Maybe the above tirade is somewhat over stated due to obsession, exaggeration, or loss of perspective…but still, isn’t the near universal absence of compelling shared social activist vision a clear-cut case of collective failure shrouded in mutually reinforcing self-denial? Regarding vision, are we any less naked then the fabled emperor? And are we any less oblivious to our uncovered state than he was, in the fable.

How can we organize our efforts to accord with our aims if we don’t have aims? How can we choose our campaigns and demands to lead to aims we don’t have? How can we discern problems by their contrast to aims we don’t have? How can we sustain our hope much less inspire hope in others by the light of aims we don’t have? We can’t.

Among some, I should note, there is a rumor that aimlessness is somehow anarchist or otherwise a step forward. But aimlessness is the antithesis of the anarchist priority to modulate process to fit goals, and is certainly not a virtue.

Is aimlessness the only problem on the left?

No. Not at all. We have lots of other problems. For example:

·         We don’t build movements that retain people as well as they ought to, largely because our movements don’t meet enough of people’s needs to sustain their continued involvement.

·         We don’t build movements that are sufficiently welcoming and empowering to diverse constituencies to attract and hold them, particularly working people, largely because our movements tend to ignore and even denigrate working class norms, values, and culture.

·         We don’t handle money well: not only do we not have enough, but we also hide from the difficulties that money raising imposes and we share what exists insufficiently.

·         We have made considerable important progress on being multi-issue, multi-tactic, and mutually supportive, yes, but we have more ground to cover.

And of course these and many other ills deserve attention at least as much as aimlessness does. But still, the ill of aimlessness is certainly also quite important, even if not singularly so.

Does our gaping absence of aims imply that every person on the left should concern themselves with generating proposed vision about some important side of life?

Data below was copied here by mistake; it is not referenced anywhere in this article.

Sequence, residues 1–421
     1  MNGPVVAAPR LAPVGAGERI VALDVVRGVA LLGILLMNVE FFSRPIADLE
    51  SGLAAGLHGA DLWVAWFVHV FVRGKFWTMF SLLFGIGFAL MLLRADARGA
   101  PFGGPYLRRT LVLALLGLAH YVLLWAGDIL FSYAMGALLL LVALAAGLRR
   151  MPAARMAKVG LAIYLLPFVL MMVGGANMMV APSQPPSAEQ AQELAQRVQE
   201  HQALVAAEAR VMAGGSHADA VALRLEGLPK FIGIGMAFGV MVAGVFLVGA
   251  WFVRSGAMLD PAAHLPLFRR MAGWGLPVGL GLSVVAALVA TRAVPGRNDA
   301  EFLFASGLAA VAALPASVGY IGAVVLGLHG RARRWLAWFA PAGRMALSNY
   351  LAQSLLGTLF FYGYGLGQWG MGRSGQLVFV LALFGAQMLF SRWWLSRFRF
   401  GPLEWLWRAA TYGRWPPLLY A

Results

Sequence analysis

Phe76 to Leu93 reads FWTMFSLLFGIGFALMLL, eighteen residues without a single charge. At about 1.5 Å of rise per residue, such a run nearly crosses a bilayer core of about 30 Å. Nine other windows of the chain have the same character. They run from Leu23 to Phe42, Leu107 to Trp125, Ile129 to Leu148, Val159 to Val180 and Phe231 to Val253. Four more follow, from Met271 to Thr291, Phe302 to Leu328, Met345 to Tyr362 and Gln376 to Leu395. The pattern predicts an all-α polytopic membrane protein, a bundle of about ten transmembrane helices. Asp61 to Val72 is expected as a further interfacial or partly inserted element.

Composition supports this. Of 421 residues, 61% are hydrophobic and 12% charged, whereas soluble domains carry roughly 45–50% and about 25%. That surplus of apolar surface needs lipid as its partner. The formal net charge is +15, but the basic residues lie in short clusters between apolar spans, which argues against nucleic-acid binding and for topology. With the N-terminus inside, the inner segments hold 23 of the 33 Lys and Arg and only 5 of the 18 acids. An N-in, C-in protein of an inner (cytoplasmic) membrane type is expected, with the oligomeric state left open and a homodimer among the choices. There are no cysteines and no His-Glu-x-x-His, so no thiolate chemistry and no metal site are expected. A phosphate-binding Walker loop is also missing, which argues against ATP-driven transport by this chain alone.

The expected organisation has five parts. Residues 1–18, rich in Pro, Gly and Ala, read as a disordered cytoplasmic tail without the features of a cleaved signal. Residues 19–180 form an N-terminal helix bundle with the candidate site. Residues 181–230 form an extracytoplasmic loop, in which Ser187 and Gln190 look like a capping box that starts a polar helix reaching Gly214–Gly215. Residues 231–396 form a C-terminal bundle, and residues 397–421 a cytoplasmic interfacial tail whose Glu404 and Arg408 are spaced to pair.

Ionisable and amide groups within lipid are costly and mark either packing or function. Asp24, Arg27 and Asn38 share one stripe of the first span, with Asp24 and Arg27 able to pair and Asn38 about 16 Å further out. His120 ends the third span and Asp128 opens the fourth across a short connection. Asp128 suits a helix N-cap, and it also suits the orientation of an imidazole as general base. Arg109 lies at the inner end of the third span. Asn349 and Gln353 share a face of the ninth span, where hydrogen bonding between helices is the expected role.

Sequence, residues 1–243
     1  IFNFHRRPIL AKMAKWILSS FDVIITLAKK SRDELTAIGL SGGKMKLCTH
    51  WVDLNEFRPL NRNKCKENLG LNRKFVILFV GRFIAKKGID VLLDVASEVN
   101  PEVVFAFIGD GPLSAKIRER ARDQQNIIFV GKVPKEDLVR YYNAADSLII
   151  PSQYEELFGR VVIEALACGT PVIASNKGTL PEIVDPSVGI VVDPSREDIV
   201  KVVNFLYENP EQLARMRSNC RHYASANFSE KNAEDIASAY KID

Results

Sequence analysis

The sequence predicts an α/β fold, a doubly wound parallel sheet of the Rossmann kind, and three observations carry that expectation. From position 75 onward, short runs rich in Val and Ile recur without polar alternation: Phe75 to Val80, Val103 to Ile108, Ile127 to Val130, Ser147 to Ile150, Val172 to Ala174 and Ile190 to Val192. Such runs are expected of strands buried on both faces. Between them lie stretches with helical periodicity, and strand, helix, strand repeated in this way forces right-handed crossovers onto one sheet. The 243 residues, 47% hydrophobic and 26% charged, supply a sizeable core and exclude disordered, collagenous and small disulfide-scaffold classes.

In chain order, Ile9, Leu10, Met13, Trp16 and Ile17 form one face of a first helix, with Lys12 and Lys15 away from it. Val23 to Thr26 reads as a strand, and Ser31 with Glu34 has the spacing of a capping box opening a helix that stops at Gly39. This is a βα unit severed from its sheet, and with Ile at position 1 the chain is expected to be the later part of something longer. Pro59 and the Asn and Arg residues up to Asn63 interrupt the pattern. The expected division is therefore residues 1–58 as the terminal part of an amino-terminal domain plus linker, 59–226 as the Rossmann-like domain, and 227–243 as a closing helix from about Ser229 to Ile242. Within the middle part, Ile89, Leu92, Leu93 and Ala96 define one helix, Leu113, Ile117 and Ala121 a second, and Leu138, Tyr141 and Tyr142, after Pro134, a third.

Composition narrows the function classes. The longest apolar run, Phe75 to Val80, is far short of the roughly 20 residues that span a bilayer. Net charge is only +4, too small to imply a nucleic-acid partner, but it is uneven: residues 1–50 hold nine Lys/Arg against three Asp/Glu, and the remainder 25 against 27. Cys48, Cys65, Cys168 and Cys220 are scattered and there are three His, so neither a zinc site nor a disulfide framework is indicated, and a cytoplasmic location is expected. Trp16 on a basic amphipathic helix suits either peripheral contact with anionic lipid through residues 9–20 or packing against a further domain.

No. Of course not. But it surely implies that quite a few folks ought to do so, and that pretty much everyone else on the left ought to critically support the effort, trying to push whatever is proposed toward relevance, coherence, clarity, acceptability, and toward being convincing.

Consider any group of leftists you want. The core organizers on a campus or in a city, say, or the central figures across the country — writers, speakers, organizers, organizational staff and leaders or whoever else — and send them all a letter asking for their vision and their aims, or send them an invitation to do a panel at a conference about vision, or to give a talk in some public venue about structural institutional goals – whether economic, political, social, or cultural — and you will get back next to nothing of substantive relevance to the request, as in Chicago, mentioned earlier. Make the invitation even more explicit and simpler. Ask for how they would answer a normal citizen wondering what the hell demonstrators want in the way of new, seriously different institutional relations, whether about race, gender, power, economy, or whatever else, and still you will get almost nothing. In fact, it’s a good bet that those who do answer will more likely provide analysis of what is wrong than provide long-term vision anyone else explicitly shares.

Even if this bald and extreme prediction is false, which I doubt, it is not so far from true as to negate the underlying concern. It would be bad enough if we asked, “what do you want?” to hundreds of leftists and got back dozens of coherent formulations, each different and in their own language. That wouldn’t be useful diversity for a movement to have, but at least it wouldn’t be a yawning emptiness, and it might lead toward shared aims.

But in fact, regarding vision, the pundits are largely right.

A yawning emptiness is what we now have.